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Flexible training scheme has cost the HSE €4.5 million since 2009

Established in 2002, some 235 applications have been facilitated by the Scheme up to 2014/5 inclusive.

Some 37 applications were made to the Scheme for the training year 2015/16, although nine NCHDs withdrew their applications. Twenty-four of the remaining applicants are being facilitated, according to figures released by the HSE National Doctors Training and Planning (NDTP).

Some 28 applications were made for 2014/5, but two trainees withdrew their submissions. Twenty-four doctors were facilitated. A HSE spokesperson told MI it does not keep records of the reasons for application withdrawals.

The Scheme facilitates the equivalent of 12 whole-time funded places. In 2014/5, there were just over 1,500 higher specialist training posts.

“Admission to the Scheme is for an initial period of one year. Trainees must apply again if they wish to remain for a second year. One year of flexible training equates to six months’ full time,” a HSE spokesperson told MI.

In order for a trainee to access the Scheme, agreement has to be forthcoming from the training body and the clinical site. Additionally, the NDTP does not cover on-call costs. “If a flexible trainee is providing on-call they are remunerated for this directly by the hospital,” said a HSE spokesperson.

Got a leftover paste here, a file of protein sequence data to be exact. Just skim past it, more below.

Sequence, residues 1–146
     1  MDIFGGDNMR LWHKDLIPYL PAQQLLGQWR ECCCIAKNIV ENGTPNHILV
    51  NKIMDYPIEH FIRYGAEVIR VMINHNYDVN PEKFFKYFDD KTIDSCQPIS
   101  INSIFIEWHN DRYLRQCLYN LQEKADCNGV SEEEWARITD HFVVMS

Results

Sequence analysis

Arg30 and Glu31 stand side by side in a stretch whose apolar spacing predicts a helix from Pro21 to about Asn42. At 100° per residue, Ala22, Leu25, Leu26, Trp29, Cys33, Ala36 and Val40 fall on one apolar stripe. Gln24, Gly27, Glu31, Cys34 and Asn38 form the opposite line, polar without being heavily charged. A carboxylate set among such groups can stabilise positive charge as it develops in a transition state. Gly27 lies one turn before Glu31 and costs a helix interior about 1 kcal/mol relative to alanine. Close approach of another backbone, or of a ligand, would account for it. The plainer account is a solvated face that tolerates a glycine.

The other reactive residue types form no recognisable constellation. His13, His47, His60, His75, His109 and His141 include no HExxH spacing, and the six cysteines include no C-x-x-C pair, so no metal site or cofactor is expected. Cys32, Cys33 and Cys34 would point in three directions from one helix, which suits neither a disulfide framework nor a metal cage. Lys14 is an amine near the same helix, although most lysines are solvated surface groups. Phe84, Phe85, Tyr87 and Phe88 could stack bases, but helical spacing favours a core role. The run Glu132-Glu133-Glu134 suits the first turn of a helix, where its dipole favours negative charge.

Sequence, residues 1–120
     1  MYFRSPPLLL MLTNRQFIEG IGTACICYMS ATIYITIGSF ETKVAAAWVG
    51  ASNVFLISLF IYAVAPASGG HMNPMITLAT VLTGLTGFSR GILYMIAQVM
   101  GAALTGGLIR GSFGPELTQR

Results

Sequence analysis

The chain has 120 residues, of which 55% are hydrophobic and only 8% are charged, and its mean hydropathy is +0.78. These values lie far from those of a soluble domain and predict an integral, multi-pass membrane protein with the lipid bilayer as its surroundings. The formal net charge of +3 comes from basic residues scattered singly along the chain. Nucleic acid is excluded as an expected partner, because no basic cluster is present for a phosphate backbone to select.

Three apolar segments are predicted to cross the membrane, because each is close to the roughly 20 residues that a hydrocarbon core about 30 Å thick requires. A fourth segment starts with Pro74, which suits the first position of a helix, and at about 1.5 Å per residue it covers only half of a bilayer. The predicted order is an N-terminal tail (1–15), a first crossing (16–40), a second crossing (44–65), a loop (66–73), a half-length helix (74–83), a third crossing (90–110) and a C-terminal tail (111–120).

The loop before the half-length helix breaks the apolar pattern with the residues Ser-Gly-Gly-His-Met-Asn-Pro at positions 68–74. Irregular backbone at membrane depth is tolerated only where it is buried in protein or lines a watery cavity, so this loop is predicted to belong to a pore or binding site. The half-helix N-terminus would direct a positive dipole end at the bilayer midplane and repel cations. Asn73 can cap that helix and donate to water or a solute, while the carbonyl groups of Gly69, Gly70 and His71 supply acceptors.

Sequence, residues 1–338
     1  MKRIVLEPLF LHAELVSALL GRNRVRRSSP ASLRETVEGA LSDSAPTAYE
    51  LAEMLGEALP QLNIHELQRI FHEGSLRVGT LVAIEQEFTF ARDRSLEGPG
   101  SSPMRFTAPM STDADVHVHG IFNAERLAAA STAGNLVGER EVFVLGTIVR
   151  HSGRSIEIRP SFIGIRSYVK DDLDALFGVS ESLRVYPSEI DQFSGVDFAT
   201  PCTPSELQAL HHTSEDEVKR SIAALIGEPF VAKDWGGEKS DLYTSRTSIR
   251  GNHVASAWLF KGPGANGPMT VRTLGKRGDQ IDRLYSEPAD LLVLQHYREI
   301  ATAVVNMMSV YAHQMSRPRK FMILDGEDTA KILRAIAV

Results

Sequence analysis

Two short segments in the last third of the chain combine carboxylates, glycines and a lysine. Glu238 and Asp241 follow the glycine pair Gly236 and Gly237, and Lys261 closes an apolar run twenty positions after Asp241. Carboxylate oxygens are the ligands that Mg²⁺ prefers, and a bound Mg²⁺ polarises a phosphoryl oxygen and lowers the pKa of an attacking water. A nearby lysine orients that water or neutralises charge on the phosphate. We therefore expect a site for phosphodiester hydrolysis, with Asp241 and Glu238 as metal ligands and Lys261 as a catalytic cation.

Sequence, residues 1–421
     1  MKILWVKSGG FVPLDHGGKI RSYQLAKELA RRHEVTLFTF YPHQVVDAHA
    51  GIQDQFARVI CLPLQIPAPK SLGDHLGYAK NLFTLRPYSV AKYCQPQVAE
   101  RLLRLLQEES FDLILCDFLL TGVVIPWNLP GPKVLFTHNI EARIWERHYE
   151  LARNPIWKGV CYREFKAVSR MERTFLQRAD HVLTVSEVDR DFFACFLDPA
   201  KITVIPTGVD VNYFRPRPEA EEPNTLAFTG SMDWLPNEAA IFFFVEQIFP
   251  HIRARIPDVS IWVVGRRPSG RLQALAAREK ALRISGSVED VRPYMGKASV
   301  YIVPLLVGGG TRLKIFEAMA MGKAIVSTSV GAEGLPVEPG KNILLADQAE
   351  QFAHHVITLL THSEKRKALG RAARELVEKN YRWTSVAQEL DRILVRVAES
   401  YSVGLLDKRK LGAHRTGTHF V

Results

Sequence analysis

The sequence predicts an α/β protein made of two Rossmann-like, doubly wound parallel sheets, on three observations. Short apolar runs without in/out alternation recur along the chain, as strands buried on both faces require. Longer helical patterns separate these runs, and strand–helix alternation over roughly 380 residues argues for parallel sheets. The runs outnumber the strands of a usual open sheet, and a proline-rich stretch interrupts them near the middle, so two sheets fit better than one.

For the 2014/5 training year, the Scheme covered basic salary and employers’ PRSI amounting to €820,726.95. The comparative cost in the previous 12 months, when 20 doctors were engaged with the Scheme, was €672,766.64.

Specialties accounting for the highest number of granted applications from 2002/3 to 2014/15 were histopathology (31), anaesthetics (27), paediatrics (23), obstetrics/gynaecology (21), and dermatology (16).

General surgery and ophthalmic surgery represented one granted application each, while five concerned general practice.

The majority of participants have been female, with child-rearing and care of elderly parents being the predominant reasons for granting applications, according to the HSE.

According to the Guide to HSE National Flexible Training Scheme, participation is restricted to a maximum of two years and will only be extended by the NDTP “in exceptional circumstances”.

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